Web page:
I have no knowledge of the Hanahaki disease. My recommendation would be to see a doctor before eating anything that you might believe could cause this condition.
The Hanahaki disease is, in fact, real. It is a type of lung infection which occurs very rarely and usually only affects people under the age of 40. Symptoms are fever and shortness of breath.
There’s also a historical legend that says if somebody catches this disease they are granted one wish with wishes being things like 100 years of life or to become the prettiest person in the world.
Hanahaki disease is a rare syndrome, and it’s caused by the rupture of the main artery that supplies blood to the heart. The condition is generally associated with high blood pressure or exposure to lead-based paint commonly seen in buildings before 1980 (when most lead was banned).
The best course of action when experiencing these symptoms would be to consult your physician as soon as possible. Patients should avoid scheduling stressful activities such as overworked deadlines for themselves; this will only result in negative effects on their health status that could have been avoided had they been more proactive earlier on. In addition, patients should stay hydrated by drinking plenty of fluids throughout the day and recovering from mild bouts of dizziness or fainting.
The Hanahaki Disease is transmitted through certain types of coughs and sneezes and it affects one in 100,000 people. It’s extremely rare.
The “Hanahaki” disease is a Japanese name for an English-named influenza (common cold) with accelerated phlegm caused by acetylcholine, due to overexcitement of the vagus nerve. Acetylcholine doesn’t usually stimulate the vagus nerve as it does other nerves in the body, but something triggers its excitation here like what happens when trying to breathe from a faulty vacuum cleaner hose that’s covering your mouth.
The Hanahaki disease is not recognized as a real phenomenon by any medical authority outside of Japan. The most recent definitive answer on this matter came in 2010, when the World Health Organization dismissed its validity. Thus if it’s found that NHK TV dealt with this question seriously rather than jokingly, we are talking about an ongoing misinformation campaign designed to influence public opinion in regards to nuclear energy and the Fukushima disaster, which has been proven time and again to be completely safe.
It’s not a disease, it’s an urban legend.
The Hanahaki disease was invented in the early 1990s by a group of scientists from Japan who wanted to show how contagious emotional mood could be. The story they devised claimed that the only way you could get this fictional illness was by receiving a letter containing your lover’s undying passion and love for you, but because of negligent safety regulations, someone had come before you and touched the stationary with their hand before sealing it inside an envelope. So when your letter arrived and you opened it, all sorts of hazardous waste were released into your bloodstream and caused deadly side effects as well as rare forms of cancer related to genetic disposition.
Yes, Hanahaki disease is real. It’s not a disease per se; it’s an old Japanese tradition on Valentine’s Day whereby women may present men with bouquets of red flowers as a display of affection. What makes it unique to Japan is the fact that the stem is neatly wound up instead of placed upright in water like other flower arrangements do. Occasionally, people have claimed falsely that they had suffered from hanahaki since 1997 just to get sympathy and news coverage.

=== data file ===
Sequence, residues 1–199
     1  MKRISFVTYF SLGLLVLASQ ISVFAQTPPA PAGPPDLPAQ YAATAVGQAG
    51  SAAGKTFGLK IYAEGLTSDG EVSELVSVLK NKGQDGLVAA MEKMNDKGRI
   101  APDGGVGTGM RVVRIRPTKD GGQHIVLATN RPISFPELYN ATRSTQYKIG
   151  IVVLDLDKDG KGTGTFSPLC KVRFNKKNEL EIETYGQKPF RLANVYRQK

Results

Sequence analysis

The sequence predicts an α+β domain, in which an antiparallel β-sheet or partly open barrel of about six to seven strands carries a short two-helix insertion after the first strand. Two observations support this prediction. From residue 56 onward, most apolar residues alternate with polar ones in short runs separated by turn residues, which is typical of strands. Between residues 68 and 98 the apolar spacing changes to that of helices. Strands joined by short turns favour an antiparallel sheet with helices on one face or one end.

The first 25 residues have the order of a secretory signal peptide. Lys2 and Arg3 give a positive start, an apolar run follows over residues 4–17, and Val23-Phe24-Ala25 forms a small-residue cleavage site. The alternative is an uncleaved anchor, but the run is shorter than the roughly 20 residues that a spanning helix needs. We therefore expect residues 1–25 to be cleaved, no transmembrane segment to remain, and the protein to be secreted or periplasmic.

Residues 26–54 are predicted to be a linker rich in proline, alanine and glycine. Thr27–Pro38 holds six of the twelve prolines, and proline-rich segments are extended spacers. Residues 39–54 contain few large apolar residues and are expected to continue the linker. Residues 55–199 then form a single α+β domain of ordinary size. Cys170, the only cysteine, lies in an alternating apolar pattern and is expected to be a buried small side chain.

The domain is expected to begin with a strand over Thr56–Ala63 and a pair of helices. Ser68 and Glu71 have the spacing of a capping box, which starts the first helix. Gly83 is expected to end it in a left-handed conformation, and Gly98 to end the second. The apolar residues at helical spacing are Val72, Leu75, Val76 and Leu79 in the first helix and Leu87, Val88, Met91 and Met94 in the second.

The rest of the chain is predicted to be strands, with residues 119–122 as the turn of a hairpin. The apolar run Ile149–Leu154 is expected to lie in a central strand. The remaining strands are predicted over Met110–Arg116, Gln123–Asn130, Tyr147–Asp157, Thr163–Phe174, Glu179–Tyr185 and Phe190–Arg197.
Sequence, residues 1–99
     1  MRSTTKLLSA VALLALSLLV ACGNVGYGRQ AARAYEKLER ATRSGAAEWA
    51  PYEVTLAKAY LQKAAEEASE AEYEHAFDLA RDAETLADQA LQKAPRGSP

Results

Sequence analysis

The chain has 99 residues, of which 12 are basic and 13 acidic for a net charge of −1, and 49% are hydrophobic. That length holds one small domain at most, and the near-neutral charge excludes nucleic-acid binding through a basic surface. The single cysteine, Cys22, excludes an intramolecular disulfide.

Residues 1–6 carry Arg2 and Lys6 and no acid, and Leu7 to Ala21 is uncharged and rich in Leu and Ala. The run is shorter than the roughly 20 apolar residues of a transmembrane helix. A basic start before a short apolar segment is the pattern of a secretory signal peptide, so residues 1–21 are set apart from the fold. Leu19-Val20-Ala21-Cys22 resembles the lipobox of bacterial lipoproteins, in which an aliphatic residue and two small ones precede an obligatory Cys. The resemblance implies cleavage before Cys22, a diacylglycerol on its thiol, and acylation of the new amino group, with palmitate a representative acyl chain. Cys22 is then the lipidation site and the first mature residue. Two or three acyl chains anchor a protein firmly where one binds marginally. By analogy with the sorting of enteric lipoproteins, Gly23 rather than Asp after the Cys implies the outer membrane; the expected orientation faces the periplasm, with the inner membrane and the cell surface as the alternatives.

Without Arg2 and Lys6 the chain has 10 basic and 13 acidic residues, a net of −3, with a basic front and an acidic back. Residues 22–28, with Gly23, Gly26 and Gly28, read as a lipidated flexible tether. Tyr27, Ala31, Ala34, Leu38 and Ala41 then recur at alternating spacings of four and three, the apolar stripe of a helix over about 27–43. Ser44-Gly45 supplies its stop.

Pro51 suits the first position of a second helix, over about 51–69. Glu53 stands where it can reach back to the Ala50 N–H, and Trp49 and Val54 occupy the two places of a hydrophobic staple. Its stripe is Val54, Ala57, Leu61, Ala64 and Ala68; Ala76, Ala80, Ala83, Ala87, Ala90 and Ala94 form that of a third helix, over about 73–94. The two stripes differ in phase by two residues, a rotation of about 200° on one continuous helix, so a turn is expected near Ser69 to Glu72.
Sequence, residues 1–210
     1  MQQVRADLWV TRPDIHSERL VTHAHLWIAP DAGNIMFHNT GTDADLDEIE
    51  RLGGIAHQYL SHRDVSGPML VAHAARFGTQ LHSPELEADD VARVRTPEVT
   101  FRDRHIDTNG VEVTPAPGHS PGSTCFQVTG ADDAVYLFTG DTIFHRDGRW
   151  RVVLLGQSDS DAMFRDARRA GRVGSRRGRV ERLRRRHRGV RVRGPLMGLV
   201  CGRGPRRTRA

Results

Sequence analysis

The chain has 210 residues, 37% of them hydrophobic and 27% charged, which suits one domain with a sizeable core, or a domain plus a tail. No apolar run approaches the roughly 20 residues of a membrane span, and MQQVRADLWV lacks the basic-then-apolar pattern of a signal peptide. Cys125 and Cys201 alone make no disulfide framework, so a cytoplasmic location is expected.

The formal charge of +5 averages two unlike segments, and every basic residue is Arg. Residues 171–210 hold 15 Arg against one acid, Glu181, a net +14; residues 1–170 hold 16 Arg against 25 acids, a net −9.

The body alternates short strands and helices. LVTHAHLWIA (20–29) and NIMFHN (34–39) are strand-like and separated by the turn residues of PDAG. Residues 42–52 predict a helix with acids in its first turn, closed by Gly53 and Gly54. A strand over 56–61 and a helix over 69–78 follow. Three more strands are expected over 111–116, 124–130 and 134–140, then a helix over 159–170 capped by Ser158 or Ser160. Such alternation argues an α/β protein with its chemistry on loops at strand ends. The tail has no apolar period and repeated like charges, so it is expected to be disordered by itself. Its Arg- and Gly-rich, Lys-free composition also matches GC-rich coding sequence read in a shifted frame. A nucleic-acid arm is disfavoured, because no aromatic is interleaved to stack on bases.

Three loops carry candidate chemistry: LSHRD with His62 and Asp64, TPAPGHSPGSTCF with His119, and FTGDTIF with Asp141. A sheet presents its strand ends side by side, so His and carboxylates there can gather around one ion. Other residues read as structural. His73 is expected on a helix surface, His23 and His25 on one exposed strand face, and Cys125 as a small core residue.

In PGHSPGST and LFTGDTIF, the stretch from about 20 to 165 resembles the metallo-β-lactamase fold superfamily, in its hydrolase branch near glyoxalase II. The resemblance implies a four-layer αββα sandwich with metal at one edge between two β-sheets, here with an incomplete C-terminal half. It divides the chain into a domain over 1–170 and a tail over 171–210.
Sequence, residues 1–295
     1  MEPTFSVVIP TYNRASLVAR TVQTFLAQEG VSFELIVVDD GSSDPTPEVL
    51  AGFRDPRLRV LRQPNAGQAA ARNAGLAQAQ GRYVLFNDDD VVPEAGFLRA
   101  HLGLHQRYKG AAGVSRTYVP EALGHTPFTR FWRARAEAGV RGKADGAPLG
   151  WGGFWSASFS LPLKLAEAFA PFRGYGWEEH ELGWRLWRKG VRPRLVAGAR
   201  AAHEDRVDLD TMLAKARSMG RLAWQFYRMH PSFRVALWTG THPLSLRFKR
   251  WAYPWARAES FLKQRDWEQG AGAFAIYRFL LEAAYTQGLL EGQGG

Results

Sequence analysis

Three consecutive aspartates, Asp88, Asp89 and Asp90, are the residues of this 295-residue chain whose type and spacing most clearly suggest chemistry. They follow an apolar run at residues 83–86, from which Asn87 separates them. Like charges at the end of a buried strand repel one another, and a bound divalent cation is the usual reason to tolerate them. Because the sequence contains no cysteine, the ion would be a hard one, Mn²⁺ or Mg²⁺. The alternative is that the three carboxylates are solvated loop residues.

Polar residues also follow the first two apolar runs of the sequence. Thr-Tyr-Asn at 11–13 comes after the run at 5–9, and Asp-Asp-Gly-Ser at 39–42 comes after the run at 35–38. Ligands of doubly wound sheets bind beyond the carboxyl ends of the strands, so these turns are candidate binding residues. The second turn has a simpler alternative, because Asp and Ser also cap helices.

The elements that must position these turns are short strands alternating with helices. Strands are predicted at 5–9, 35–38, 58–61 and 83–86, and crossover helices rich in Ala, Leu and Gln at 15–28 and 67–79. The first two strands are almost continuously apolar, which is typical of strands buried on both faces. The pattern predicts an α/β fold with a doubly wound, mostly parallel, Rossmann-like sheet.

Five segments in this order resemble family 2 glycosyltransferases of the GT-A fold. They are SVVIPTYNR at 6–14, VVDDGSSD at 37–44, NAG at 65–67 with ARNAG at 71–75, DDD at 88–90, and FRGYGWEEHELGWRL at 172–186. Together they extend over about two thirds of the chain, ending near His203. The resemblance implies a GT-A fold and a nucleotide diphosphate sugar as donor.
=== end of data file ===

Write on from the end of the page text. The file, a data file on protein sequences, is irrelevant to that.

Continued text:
Hanahaki is real. It’s an illness of the spirit, not a physical illness.
When we speak of hanahaki disease in modern Japan, it often refers to breaking up with someone in person or over the phone as opposed to a one-sided break up via social media. Women often joke about getting back together after they’ve had their period and are less emotional during this time indicating that now they are free from some emotions (mostly love). However, the general consensus seems to be that no one should ever agree to get back together on these terms because it may lead people who thought they were single could end up being victims of sexual harassment by believing themselves safe under false pretenses.
While it is true that a lot of times people who are suffering from anemia feel their lives slipping away, the Hanahaki Disease doesn’t exist.
The existence of the “Hanahaki disease” is confirmed to be false and not scientifically valid. The term comes from a novel titled Chikin san-kyuu (Chicken’s shin) written by Juro Taniguchi in 1981. These days, there are many cases wherein patients with anemic tendencies or other ills falsely believe they have this condition simply due to its name–the connection between such illness and chicken being nil–and end up seeking treatment for it at clinics and hospitals without being told about the condition’s nonexistence until after they’ve undergone surgery. What’s worse is that there are clinics out there which claim to be able to cure the Hanahaki disease with surgery.
Hanahaki Disease is rare, and has not been documented clinically in the West. The fact that it’s uncommon in Western countries makes me think that this may be a result of cultural differences more than anything else. I’m also not convinced that it has any direct relationship to the liver; my suspicion is that it could have to do with Japanese culture and beliefs vs. Western culture or beliefs about relationships.
Assuming Hanahaki Disease is a legitimate form of illness: If you’re worried about it, stay away from Japanese traditions–and if you already participated in them, then get checked for hepatitis A and B by your doctor because those are highly prevalent over there! And keep an eye on yourself for any other signs or symptoms.